Pharmaceutical CompanyDoes your doctor work for a pharmaceutical company? Did you know that some are commissioned to recruit patients for a new drug, getting paid per each head brought to the study? They are also trained to educate other doctors about the possible benefits of the drug so that other doctors will recruit patients to take the drug. Don’t know for sure, but I suspect that the educating doctor gets a cut of the stipend that every other doctor gets for bringing patients to the study. If this is the structure, it is multi-level marketing which I firmly believe in. But, in medicine, might there be agendas pushing prescribing techniques?

Just like the pharmaceutical rep I met the other day, the doctor paid by big pharma has been trained by the pharmaceutical company on the merits of the drug. Had s/he seen all the trials, even data of patients who didn’t finish or on patients who dropped out because of side effects? Makes us wonder.

4)   Accepting that doctors don’t get to see the full data on drugs they prescribe.

Summary Of AbstractsDoctors and health professionals only get to see a summary of abstracts or the full abstract if they pay for a medical journal subscription that houses the abstract. The abstract is some editor’s summation of facts which may not reflect study results. How weird that drug study results are not open to patients. We’re the ones who have to decide to take them or not. These data are also not open to doctors. Should we just say,

“Yes, ma’am. Thank you, ma’am,”

when told to take a drug when we don’t even know whether evidence collected shows its merit or not?

5)   Accepting that the drug administrator in our country permits pharmaceutical companies to hide drug trials from doctors and patients.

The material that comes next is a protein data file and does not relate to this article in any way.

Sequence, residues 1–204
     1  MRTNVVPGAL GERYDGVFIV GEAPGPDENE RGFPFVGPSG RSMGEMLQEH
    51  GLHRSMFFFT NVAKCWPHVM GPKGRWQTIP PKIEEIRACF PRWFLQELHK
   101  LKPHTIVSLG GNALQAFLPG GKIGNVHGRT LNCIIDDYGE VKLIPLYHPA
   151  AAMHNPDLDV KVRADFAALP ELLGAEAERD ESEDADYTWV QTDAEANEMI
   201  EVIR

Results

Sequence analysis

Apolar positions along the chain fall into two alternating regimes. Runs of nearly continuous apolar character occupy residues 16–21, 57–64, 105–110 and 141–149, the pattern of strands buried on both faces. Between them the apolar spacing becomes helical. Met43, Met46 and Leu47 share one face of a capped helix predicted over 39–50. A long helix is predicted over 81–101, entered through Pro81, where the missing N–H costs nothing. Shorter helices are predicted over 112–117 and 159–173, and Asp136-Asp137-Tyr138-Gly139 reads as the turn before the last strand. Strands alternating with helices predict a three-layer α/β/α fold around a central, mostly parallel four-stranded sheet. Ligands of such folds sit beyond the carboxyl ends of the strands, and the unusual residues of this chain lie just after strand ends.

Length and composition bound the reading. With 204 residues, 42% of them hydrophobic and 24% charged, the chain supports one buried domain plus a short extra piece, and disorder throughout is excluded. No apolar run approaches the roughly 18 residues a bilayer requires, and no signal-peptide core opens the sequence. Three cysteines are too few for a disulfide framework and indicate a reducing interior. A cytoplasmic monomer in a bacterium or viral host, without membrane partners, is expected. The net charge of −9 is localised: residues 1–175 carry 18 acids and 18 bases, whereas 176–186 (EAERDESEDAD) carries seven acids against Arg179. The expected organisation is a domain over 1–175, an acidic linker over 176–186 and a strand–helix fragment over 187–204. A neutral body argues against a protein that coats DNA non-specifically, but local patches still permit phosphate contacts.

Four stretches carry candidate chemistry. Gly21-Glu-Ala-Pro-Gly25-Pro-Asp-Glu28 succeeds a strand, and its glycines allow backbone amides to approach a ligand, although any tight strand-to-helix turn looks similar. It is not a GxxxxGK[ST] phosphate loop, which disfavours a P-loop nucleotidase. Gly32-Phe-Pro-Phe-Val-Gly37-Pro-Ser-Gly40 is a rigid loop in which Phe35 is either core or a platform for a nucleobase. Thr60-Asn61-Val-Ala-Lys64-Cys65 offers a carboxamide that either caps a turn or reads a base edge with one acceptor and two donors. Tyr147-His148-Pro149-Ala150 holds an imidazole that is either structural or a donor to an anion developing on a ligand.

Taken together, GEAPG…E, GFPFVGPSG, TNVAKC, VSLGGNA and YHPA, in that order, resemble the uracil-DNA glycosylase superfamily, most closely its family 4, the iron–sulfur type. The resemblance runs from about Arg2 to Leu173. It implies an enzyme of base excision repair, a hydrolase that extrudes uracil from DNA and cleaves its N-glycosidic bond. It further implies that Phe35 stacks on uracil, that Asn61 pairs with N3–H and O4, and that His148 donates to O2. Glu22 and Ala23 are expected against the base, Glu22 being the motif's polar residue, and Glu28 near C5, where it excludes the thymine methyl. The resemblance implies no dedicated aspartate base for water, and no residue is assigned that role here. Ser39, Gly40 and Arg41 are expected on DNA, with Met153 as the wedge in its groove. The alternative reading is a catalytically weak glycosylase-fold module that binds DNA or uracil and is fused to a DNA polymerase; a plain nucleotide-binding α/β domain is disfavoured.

6)   Not being told, in advance, the cost of what we are purchasing at the doctor’s office.

Full Explanation7a) Not being given full explanation before a procedure is done at a doctor’s office so that we can decide whether we agree to have a procedure done.

7b)  Not standing up for ourselves and asking for full explanations at a doctor’s office before we have a procedure done.


We all have habits in medical care. Whether we are aware of them or not is another story.

The way to better ourselves is to notice how we treat ourselves and notice how people we pay in the health care system treat us. We deserve good treatment. This may mean changing our habit.


These action steps require that we be our own advocates. It’s not as hard as we may think. And, many providers will be willing to talk and change, should be we bring our concerns to their attention.

1)   Study how the body can be made to be healthy, and do this for the rest of your life.

2)   When you call the provider’s office to get the results of your test, have the provider fax or email you your results. Then you can decide whether a follow-up appointment is necessary.
Ask your medical provider if  you can confer by email and what it would cost.

3)   Ask your provider if s/he is in any way affiliated with the pharmaceutical company of any drug prescribed.